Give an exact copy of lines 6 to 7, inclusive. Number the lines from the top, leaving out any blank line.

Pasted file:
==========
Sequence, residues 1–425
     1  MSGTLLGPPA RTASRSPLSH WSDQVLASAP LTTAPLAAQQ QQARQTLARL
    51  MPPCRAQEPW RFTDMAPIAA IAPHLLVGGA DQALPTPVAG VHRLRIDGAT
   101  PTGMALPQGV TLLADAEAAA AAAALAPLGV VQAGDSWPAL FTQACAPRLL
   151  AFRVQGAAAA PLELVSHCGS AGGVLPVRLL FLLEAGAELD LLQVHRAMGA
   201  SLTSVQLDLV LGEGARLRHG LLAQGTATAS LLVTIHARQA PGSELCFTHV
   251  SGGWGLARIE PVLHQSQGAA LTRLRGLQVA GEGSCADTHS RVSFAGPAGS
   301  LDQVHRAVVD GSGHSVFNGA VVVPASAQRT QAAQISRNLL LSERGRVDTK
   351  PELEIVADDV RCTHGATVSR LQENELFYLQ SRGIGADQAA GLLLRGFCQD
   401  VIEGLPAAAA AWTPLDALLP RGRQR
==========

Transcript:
   201  SLTSVQLDLV LGEGARLRHG LLAQGTATAS LLVTIHARQA PGSELCFTHV
   251  SGGWGLARIE PVLHQSQGAA LTRLRGLQVA GEGSCADTHS RVSFAGPAGS